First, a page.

TECH

Electric Shocks To The Brain Can Boost Short-Term Memory, Study Finds

Do not try this at home.

14/03/2017 12:51 GMT | Updated 14/03/2017 12:56 GMT

If you want to boost your memory, you could try out a brain-training app or give the ancient Greeks’ techniques a go.

But it’s probably best to steer clear of a new method uncovered by researchers at Imperial College London.

Their study reveals that stimulating the brain with electricity can synchronise brain waves and boost short-term memory.

It could one day be used to bypass damaged areas of the brain and relay signals in people with traumatic brain injury, stroke or epilepsy.

SIphotography via Getty Images

So how does it work?

Applying a weak electrical current through the scalp helped align different regions of the brain, ensuring brainwaves beat at the same time.

“What we observed is that people performed better when the two waves had the same rhythm and at the same time,” said Dr Ines Ribeiro Violante, a neuroscientist in Imperial’s department of medicine, who led the research.

Participants were tasked with remembering phone numbers which flashed up on the screen as they received the stimulation.

Those whose brains were synched performed the more difficult tasks significantly faster than those whose weren’t.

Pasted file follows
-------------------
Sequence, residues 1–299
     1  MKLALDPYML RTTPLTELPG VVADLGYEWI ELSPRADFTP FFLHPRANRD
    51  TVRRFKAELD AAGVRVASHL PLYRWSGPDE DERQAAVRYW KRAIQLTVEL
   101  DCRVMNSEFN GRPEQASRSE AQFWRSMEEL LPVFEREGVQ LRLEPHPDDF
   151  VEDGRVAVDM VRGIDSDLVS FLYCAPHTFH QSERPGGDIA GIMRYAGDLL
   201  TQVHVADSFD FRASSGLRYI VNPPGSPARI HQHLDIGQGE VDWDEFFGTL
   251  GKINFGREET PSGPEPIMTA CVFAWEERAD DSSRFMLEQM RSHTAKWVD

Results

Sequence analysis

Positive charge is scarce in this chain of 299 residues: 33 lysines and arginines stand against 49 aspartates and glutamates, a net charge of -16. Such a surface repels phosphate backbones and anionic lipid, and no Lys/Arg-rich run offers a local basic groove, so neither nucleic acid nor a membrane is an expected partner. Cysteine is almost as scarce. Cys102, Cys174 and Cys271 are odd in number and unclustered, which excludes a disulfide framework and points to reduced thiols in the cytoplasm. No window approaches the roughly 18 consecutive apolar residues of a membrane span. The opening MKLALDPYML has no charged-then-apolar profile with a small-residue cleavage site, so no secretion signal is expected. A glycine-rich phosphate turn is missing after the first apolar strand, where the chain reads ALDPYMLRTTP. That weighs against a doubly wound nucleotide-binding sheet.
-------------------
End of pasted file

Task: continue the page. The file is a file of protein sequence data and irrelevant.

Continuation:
“The classic behaviour is to do slower on the harder cognitive task, but people performed faster with synchronised stimulation and as fast as on the simpler task,” said Dr Violante.

The researchers also used functional MRI to image the brain to reveal changes during the stimulation process.

“We can use TACS to manipulate the activity of key brain networks and we can see what’s happening with fMRI,” explained Dr Violante.

“The results show that when the stimulation was in sync, there was an increase in activity in those regions involved in the task. When it was out of sync the opposite effect was seen.” 

The method used by the researchers is cheap and could be used in clinics.

“The next step is to see if the brain stimulation works in patients with brain injury, in combination with brain imaging, where patients have lesions which impair long range communication in their brains,” Dr Violante said.

“The hope is that it could eventually be used for these patients, or even those who have suffered a stroke or who have epilepsy.”